In the middle of a Leviticus 19 list of requirements for the people of Israel, God condemns slandering your neighbor but goes on to say in the very next verse, “You shall not hate your brother in your heart, but you shall reason frankly with your neighbor, lest you incur sin because of him.” Even as the Lord rebukes the sin of slander, He seems to make a distinction between a spreading of lie, and contending for the truth. And certainly, as we “reason frankly” we must remember Paul’s admonition in Ephesians 4 to be “speaking the truth in love.” The manner in which we contend for the truth with one another is important too.

In his notable essay On Criticism, C.S. Lewis recognizes the role of those who public assess the art and work of others:

When we are criticizing a kind of work we have never attempted ourselves, we must realize that we do not know how such things are written and what is difficult to ease to do in them and how particular faults occur.

This is why exhibiting grace in our criticism is so important. Lewis is speaking to the matter of literary criticism here but the principle has a broader application. A critic may not have ever made a movie but must say how he thinks it is flawed; he may not have ever pastored a church yet must comment about the teaching of particular church leader who teaches contrary to the Scripture.

Lewis clarifies his caution above by continuing on to say,

I don’t mean at all that we must never criticize work of a kind we have never done. On the contrary we mush do nothing but criticize it. We may analyze and weigh its virtues and defects.

It is up to Christian readers, who don’t have a microphone of significance at their disposal, to choose to read from the fray of public commenters on a particular topic, those who are trustworthy and also speak the truth in love.

One of my favorite quotes from a Pixar film comes from my least favorite Pixar film (there I go being critical, and of a studio whose movies I typically adore), Ratatouille. At the film’s conclusion the grizzled restaurant reviewer Anton Ego poignantly sums up his role as a critic:

In many ways, the work of a critic is easy. We risk very little yet enjoy a position over those who offer up their work and their selves to our judgment. We thrive on negative criticism, which is fun to write and to read. But the bitter truth we critics must face, is that in the grand scheme of things, the average piece of junk is probably more meaningful than our criticism designating it so. But there are times when a critic truly risks something, and that is in the discovery and defense of the new…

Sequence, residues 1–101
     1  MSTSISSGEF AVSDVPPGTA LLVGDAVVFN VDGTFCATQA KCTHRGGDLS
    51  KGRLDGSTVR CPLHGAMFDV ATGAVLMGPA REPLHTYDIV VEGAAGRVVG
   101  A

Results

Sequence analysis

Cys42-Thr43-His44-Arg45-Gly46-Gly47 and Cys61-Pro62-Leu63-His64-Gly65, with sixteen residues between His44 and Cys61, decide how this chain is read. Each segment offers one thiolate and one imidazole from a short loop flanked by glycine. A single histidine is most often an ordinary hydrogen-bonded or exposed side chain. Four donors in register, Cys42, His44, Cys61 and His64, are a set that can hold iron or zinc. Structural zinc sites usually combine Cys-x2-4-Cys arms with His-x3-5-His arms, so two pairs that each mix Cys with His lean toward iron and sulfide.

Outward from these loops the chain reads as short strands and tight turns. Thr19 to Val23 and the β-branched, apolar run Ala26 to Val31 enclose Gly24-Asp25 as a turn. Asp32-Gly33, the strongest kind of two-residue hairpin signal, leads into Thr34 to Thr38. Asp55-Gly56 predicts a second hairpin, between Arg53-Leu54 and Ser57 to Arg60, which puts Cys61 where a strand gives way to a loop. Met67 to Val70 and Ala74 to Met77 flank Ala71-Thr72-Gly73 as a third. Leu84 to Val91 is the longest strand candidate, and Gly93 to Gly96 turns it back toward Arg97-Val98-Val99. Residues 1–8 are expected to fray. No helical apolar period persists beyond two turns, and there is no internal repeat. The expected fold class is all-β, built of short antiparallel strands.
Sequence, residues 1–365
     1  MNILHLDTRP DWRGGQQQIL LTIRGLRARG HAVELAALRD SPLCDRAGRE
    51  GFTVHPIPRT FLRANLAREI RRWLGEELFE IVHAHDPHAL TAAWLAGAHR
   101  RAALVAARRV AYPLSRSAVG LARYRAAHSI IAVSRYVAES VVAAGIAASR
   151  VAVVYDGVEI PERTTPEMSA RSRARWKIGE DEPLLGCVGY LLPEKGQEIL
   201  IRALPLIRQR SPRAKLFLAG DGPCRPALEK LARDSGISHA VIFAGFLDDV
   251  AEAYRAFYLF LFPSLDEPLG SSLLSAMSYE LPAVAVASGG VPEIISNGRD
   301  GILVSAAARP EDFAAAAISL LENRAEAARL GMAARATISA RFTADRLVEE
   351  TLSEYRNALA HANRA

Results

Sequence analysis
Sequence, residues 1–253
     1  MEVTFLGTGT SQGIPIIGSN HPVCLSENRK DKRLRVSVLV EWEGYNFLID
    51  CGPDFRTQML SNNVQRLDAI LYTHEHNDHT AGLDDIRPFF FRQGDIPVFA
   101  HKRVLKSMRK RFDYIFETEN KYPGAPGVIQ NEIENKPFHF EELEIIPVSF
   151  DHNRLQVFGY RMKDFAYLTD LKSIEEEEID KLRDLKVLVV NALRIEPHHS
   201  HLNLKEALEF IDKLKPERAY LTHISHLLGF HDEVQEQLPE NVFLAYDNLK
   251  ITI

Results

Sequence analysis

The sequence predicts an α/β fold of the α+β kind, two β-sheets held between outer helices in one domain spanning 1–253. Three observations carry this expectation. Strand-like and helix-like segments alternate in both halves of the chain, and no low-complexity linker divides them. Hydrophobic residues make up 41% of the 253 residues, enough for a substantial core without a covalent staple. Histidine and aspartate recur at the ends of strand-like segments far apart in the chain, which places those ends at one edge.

As Christian “critics” our take away from this statement is not to unequivocally endorse new things, new ideas, and new practices across our culture simply for the sake of newness. Rather, we should not be afraid to speak positively of new ways the truths of Christianity can be seen in the world around us. We should be unafraid to speak negatively about what we see that is counter to what we know to be true.

If we are unduly harsh or condescending in our assessments, then yes, they are of little meaning. But when we are gracious and thoughtful in our critiques, examining the item or issue in question next to the light of Scripture, then the reflection we create is of great value. To facilitate such conversation among those truly striving to know that truth, is a high calling indeed.

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Stephen McGarvey is the editorial director of the Salem Web Network, which operates a suite of Christian websites for Salem Communications, including Crosswalk.com, Christianity.com, Oneplace.com and BibleStudyTools.com. He has previously worked for BreakPoint with Chuck Colson, the Home School Legal Defense Assoc. and has been regular contributor to byFaith Magazine. Stephen has never written a book, directed a film, or recorded an album but he has read hundreds of novels, watched more movies than he can count and listened to untold hours of music, all the while attempting to assess this art with the truths of Scripture.